A few months ago I watched the domino chain effect video which demonstrated elegantly how a tiny brick just 5mm high and 1mm thick can create enough momentum to knock over a brick the size of the Empire State Building. It’s a straightforward physics conundrum based on perfectly spaced bricks and a multiplier of 1.5.
The concept blew me away and showed how each perfectly positioned piece can create a force so much stronger than itself. It fills your heart and head with ambition for sure and makes you look at strategic planning in a very different way. As an executive and now in the advice I offer to clients, we often work on goals and use logic to make that dream a deliverable. The focus then of course shifts to resources and accountability to deliver.
When I prepare clients to plan for exponential change we look at factors such as team capabilities, shifting towards a culture of innovation and embracing technology. Often working outside a rule book, at times faster than the rule books. The domino metaphor is a good one to describe how each of these factors build on each other and is an excellent primer for any business. It does have flaws though.
Businesses operate in complexity, particularly modern business. That’s both in terms of the first principle that a business is a collection of people who lead other people who serve other people and in an increasingly complex global environment. Barriers to entry have been washed away with every iteration of technology and shifting social attitudes have scattered the notion of a corporate career leading to many more exciting green shoots of enterprise and disruption.
In my approach to exponential change, we introduce a cluster of interventions that accelerate the overall pace of transformation.
Playing with a 10x mindset enables this shift. Through workshops you can certainly build a strong and informed vision of the organisation’s potential future but there’s an element of distance and uncertainty that is inbuilt in that process (because it is such a stretch). That in turn loosens the grip - the control on the activities and outputs - in favour of experimentation and learning.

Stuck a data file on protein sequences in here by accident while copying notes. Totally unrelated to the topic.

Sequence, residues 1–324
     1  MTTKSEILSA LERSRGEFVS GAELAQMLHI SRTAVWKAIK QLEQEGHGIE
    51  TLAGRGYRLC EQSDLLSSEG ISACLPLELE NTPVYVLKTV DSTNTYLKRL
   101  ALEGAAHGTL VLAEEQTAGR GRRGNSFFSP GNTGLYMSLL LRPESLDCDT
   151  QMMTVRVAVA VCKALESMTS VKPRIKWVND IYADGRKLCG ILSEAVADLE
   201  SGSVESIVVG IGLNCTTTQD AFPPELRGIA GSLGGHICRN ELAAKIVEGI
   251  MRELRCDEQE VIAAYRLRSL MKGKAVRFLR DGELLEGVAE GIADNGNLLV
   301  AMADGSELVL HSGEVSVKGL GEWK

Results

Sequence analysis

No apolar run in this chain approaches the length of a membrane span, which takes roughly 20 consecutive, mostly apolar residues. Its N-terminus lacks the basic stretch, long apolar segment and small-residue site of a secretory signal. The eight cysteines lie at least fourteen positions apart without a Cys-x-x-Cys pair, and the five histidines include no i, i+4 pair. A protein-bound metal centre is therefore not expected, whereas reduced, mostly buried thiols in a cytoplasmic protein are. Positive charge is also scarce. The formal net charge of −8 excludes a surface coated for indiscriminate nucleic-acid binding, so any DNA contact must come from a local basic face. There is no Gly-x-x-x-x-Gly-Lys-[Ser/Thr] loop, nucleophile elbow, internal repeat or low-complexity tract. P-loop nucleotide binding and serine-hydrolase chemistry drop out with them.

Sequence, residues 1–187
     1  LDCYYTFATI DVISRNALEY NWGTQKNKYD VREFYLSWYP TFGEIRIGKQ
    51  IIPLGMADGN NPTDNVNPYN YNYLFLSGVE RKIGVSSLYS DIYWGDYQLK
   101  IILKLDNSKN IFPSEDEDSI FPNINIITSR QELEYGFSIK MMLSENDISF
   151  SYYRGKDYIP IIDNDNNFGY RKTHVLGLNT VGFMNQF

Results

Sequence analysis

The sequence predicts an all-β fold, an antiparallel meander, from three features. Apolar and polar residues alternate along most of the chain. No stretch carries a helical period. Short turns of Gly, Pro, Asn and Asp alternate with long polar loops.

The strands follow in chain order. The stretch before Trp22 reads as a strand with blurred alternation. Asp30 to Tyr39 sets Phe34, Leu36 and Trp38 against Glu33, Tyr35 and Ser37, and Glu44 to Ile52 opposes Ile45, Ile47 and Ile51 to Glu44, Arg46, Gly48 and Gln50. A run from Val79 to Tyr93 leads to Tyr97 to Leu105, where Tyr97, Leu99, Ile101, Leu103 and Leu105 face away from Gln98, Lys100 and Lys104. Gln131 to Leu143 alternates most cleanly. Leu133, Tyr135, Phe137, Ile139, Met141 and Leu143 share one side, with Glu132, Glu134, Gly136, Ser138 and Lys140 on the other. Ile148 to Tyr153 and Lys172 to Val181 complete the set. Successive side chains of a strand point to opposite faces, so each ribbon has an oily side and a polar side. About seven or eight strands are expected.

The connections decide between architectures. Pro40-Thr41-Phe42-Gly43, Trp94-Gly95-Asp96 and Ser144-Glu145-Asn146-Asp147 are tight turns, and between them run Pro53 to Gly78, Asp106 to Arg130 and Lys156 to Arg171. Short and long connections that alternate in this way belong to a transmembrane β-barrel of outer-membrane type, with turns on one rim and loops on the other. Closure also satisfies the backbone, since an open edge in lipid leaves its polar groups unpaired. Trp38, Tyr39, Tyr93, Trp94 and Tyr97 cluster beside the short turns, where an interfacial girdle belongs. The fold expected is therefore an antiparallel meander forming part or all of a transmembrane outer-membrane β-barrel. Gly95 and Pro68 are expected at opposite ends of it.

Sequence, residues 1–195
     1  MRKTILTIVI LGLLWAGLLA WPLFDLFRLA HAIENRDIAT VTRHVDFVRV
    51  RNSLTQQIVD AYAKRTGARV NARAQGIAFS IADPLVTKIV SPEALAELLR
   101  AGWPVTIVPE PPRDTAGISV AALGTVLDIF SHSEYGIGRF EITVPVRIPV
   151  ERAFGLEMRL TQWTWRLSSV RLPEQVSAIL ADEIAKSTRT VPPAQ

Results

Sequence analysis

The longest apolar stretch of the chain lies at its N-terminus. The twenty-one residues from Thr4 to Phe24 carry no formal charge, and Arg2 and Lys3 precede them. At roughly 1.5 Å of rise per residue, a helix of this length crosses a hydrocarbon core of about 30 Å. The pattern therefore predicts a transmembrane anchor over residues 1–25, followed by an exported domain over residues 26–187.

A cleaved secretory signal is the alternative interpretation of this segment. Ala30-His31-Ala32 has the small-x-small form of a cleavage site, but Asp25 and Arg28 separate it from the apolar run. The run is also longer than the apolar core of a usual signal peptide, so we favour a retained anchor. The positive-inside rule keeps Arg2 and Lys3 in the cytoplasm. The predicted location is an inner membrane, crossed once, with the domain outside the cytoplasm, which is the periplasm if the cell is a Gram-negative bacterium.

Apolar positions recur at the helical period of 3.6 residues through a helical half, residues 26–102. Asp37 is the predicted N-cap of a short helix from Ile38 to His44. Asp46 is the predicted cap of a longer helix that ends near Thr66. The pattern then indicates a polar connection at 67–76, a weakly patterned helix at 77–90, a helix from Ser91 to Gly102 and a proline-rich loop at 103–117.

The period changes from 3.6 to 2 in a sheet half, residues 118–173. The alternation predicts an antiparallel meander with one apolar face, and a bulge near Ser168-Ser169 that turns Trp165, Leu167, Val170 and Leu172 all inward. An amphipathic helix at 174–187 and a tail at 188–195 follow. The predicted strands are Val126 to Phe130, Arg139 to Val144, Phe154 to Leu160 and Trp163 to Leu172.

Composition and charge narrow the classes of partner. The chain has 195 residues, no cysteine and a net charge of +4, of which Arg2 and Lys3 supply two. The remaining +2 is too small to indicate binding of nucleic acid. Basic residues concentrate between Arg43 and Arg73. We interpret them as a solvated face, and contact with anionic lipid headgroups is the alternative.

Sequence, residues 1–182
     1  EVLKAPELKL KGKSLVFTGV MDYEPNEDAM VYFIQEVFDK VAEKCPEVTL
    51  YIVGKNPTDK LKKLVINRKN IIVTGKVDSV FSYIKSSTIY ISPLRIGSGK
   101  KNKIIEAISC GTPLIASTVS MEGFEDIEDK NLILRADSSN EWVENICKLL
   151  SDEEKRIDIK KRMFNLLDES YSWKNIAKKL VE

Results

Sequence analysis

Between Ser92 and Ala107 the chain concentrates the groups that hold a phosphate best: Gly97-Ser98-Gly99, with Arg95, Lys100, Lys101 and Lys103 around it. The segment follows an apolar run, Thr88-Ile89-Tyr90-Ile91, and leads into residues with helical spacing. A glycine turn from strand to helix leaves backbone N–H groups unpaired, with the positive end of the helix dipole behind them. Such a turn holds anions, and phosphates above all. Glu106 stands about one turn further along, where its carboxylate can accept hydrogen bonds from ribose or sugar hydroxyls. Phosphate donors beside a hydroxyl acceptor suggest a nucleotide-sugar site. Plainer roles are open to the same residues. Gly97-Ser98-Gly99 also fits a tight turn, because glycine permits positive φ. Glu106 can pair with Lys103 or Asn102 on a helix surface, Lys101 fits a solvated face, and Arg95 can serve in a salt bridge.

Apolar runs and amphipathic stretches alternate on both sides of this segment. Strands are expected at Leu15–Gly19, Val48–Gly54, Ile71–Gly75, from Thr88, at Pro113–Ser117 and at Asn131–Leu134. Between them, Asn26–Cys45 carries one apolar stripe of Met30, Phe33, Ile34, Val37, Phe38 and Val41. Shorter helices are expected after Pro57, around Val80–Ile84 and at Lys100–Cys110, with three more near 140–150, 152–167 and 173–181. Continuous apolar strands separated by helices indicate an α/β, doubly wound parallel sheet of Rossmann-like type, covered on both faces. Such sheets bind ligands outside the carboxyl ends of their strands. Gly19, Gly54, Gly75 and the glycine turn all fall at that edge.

Shifting to that growth mindset and democratising leadership agitates the system further and builds positive momentum.
Creating psychological safety to encourage trial and error again increases the speed and frequency of innovation.
Observation with a view to scaling pulls through the critical ingredients to catalyse other projects.
Encouraging creativity and drawing inspiration from the external environment promotes novelty in execution.
It’s a vague application of Kurzweil’s Law of Accelerating Returns in a business environment.
It can be hugely unsettling for senior leaders and its important to help them shift their approach to governance and to stay curious. I work with leaders to create their own sense of safety operating in this environment and instil decision making structures that respect and build creative confidence.
Einstein’s quoted as saying,
Genius is making complex ideas simple, not making simple ideas complex.
Achieving exponential results is simply about embracing and applying the complexity of modern business.
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